Wood: An Integral Part of a Net-Positive Buildingby Jens Voshage on Jul 18, 2013 • 00:37 No Comments
The Centre for Interactive Research on Sustainability (CIRS), located in Vancouver, British Columbia, is an interdisciplinary academic centre; the building is home to multiple research projects and the subject of ongoing studies on the long-term effects of sustainable design, construction and operation.
CIRS is expected to be UBC’s first Leadership in Energy and Environmental Design (LEED®) Platinum Building, and is on track to receive Living Building Challenge recognition. It is also envisioned as a new baseline in sustainable buildings, for other projects to strive to surpass.
The structure of CIRS is a hybrid system. The basement and ground level auditorium are cast-in-place concrete, with a roof of curved glulam beams supporting a solid wood roof over the auditorium. The upper floors have a frame of engineered wood members supporting a solid wood floor assembly. This floor and roof assembly is composed of lumber and plywood decking and performs to a 1-hour fire rating at each floor level.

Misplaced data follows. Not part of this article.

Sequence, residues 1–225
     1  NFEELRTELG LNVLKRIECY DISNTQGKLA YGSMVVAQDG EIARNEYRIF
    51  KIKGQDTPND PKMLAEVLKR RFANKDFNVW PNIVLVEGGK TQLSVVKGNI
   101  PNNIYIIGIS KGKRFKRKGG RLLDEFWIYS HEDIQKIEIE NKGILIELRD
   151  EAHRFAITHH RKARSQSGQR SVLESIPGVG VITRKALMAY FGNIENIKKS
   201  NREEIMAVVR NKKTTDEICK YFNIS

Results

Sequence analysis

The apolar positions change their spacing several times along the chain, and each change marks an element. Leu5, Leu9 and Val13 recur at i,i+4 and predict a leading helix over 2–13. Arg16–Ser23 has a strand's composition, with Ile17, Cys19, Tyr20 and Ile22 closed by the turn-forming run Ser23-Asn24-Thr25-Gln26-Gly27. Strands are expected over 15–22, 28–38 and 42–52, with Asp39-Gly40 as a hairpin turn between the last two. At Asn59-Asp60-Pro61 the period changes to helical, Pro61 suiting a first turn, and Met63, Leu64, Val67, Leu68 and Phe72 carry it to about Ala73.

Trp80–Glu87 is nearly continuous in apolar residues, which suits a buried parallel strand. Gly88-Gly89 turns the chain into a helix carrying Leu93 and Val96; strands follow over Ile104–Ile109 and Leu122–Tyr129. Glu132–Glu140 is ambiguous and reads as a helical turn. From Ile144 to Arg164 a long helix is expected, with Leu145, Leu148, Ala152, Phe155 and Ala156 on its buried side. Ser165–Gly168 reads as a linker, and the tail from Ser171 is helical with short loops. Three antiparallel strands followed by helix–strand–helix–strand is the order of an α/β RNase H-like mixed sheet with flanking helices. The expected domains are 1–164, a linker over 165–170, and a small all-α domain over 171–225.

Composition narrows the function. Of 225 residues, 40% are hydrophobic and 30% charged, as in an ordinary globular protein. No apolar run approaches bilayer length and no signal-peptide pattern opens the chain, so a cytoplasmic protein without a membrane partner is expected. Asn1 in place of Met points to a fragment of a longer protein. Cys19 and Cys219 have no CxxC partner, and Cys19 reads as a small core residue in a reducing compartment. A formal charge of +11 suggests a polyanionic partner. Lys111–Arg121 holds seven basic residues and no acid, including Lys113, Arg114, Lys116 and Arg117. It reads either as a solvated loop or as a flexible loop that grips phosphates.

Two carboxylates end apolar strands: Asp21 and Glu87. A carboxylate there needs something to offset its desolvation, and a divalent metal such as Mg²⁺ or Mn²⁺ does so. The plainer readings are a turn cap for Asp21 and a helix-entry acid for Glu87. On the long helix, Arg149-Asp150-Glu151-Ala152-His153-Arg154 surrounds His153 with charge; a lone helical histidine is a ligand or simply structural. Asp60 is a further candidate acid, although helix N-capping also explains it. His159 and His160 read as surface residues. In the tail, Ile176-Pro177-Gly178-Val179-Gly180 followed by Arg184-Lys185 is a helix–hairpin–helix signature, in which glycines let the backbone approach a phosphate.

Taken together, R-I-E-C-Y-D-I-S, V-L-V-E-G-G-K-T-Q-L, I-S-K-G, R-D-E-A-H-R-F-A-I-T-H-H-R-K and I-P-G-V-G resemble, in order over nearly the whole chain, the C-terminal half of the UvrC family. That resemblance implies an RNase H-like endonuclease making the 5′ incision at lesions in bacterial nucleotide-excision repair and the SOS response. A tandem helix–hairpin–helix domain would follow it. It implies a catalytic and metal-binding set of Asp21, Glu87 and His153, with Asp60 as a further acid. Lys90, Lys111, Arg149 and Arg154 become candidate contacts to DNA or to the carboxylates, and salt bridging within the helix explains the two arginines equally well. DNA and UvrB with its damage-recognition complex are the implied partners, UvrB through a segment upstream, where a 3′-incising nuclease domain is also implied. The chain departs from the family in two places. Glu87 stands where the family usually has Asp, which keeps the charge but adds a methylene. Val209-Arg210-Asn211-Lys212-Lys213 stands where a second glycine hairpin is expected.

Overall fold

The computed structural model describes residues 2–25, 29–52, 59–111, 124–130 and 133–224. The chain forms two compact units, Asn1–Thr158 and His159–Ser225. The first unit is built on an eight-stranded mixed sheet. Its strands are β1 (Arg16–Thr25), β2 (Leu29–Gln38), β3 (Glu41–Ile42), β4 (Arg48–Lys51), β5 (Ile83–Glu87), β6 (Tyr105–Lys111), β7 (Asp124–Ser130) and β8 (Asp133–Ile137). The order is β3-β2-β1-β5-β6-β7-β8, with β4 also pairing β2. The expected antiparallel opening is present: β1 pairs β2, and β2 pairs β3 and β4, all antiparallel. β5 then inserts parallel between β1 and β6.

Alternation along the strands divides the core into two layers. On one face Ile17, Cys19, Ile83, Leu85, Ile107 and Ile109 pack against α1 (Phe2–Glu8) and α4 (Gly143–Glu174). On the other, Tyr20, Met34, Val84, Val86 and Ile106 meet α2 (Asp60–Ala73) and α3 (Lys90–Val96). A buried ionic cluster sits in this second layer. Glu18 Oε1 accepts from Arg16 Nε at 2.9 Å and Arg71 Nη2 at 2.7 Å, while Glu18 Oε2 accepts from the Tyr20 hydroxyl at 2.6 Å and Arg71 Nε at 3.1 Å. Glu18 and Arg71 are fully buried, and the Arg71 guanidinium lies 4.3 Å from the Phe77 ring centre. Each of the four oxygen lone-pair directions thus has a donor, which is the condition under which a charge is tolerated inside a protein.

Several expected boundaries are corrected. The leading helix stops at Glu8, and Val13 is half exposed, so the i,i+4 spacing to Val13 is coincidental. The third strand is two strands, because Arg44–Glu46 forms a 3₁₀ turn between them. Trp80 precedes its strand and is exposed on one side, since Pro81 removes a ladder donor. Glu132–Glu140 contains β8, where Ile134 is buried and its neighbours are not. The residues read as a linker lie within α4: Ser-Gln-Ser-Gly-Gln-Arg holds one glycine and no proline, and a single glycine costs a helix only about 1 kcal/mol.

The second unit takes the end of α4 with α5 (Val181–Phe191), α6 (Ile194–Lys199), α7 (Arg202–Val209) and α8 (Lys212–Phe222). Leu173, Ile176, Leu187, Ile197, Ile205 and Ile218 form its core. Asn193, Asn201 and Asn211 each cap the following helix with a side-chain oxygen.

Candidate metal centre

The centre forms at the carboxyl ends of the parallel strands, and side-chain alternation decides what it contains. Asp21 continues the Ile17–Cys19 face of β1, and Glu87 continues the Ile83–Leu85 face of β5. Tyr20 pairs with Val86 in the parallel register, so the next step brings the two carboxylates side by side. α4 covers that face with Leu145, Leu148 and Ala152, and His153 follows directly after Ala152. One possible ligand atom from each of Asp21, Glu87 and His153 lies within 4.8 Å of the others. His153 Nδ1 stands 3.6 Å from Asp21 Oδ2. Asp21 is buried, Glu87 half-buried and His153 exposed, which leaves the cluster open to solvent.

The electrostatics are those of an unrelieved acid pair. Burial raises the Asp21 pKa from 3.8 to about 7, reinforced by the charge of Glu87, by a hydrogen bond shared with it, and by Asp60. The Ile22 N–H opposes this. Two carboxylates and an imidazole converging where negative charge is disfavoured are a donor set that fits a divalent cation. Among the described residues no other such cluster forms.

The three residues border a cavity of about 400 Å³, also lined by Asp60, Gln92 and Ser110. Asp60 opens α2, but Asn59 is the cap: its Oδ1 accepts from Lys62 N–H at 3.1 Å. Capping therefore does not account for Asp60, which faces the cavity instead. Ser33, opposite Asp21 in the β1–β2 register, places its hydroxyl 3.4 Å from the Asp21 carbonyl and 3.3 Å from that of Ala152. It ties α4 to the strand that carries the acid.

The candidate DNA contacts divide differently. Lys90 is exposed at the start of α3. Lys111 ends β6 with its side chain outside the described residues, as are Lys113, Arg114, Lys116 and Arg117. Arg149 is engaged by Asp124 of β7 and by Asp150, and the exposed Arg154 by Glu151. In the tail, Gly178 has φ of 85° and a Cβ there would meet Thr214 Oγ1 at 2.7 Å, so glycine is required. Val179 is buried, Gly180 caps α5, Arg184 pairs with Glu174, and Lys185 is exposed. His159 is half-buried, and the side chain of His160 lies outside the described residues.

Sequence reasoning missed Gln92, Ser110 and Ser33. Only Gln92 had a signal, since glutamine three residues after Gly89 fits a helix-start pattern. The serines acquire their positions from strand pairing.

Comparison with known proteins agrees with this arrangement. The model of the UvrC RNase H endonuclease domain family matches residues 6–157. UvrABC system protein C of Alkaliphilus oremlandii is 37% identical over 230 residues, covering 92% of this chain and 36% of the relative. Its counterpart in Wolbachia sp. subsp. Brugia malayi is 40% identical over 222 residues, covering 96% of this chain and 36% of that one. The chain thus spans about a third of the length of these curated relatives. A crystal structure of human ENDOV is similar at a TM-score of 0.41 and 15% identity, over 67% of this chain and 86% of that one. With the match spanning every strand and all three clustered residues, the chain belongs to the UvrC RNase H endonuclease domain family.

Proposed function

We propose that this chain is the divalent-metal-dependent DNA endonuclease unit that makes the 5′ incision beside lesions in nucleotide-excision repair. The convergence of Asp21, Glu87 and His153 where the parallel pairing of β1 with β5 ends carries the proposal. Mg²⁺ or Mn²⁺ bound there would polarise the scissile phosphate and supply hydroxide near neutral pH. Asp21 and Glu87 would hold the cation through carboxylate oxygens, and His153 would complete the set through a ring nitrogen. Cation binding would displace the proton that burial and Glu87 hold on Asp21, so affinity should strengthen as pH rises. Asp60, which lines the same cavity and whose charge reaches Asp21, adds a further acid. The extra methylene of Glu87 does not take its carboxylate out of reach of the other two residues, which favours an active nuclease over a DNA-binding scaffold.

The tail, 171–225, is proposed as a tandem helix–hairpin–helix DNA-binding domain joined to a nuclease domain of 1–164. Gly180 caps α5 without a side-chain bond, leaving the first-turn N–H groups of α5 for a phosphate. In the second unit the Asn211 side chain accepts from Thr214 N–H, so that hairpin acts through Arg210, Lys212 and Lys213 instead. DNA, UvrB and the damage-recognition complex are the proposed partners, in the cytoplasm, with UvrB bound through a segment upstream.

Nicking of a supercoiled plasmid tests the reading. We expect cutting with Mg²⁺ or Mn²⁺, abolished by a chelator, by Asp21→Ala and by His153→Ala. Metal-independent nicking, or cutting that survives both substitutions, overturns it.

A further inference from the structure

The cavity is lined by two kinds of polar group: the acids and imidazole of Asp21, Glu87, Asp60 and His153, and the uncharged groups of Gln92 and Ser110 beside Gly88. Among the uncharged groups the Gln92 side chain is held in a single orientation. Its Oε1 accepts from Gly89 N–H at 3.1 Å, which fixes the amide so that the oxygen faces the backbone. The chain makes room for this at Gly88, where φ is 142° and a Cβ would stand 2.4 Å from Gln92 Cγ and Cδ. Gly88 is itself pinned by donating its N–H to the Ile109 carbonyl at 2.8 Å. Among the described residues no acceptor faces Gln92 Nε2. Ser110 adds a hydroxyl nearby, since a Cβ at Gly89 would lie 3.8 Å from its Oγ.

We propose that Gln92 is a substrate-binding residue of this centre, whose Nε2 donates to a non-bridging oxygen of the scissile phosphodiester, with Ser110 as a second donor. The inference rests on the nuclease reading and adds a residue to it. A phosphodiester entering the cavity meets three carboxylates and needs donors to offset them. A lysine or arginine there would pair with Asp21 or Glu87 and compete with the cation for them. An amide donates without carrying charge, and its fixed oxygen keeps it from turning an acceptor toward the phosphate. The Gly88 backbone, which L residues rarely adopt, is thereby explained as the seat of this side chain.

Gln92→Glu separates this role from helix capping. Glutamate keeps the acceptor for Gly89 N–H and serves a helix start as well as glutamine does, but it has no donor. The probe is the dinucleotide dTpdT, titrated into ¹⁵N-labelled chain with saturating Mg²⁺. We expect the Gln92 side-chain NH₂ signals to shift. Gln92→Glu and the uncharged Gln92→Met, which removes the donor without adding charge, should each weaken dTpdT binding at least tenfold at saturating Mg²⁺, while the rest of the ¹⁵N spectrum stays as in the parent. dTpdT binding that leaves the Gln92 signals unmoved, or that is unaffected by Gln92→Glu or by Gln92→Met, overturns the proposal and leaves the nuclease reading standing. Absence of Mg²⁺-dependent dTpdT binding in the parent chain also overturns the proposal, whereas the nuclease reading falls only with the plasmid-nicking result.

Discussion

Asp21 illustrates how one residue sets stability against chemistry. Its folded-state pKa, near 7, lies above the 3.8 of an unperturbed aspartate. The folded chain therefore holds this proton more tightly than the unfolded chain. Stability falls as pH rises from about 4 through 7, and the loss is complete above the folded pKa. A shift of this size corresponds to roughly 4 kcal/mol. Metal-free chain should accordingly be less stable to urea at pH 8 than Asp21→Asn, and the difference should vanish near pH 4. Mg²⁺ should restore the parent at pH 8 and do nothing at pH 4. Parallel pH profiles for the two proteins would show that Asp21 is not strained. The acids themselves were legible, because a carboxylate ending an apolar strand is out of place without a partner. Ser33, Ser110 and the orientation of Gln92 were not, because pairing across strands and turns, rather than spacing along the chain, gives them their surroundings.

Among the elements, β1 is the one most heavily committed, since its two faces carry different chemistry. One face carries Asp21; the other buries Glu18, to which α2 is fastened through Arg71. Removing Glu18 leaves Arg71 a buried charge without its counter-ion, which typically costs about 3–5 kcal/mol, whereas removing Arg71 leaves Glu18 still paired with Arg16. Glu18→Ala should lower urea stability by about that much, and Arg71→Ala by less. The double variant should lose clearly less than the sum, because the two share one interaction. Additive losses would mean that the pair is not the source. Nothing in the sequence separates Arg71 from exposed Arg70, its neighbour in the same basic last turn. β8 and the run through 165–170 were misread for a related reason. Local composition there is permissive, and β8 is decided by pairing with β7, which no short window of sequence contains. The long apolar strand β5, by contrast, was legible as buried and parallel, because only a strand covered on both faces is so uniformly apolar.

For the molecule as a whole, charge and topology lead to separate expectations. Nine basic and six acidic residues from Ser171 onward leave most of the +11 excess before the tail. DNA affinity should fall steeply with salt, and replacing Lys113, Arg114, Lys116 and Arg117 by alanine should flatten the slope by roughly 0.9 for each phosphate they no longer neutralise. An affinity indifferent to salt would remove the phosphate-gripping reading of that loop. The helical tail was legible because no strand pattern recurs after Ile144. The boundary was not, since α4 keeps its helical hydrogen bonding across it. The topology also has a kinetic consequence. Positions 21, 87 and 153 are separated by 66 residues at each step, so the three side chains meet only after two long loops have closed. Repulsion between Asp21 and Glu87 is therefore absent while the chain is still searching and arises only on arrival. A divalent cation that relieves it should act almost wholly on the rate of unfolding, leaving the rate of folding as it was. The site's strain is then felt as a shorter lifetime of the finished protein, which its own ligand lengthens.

Due to the size of the members and the bulk of the system, the wood frame and assembly combination are considered to be heavy timber construction under the British Columbia Building Code. This designation allows the structure to be exposed without the need for additional fireproofing materials.
The decision to use wood was in keeping with the regenerative concept of CIRS. Wood is one of the most sustainable building materials on the planet: trees grow using energy from the sun and provide valuable ecosystem services such as releasing oxygen into the atmosphere, removing carbon dioxide from the atmosphere, creating habitats, as well as providing shade and cooling. All of the wood used in CIRS was sourced from the sustainably managed forests of British Columbia.
Visit www.naturallywood.com for more info.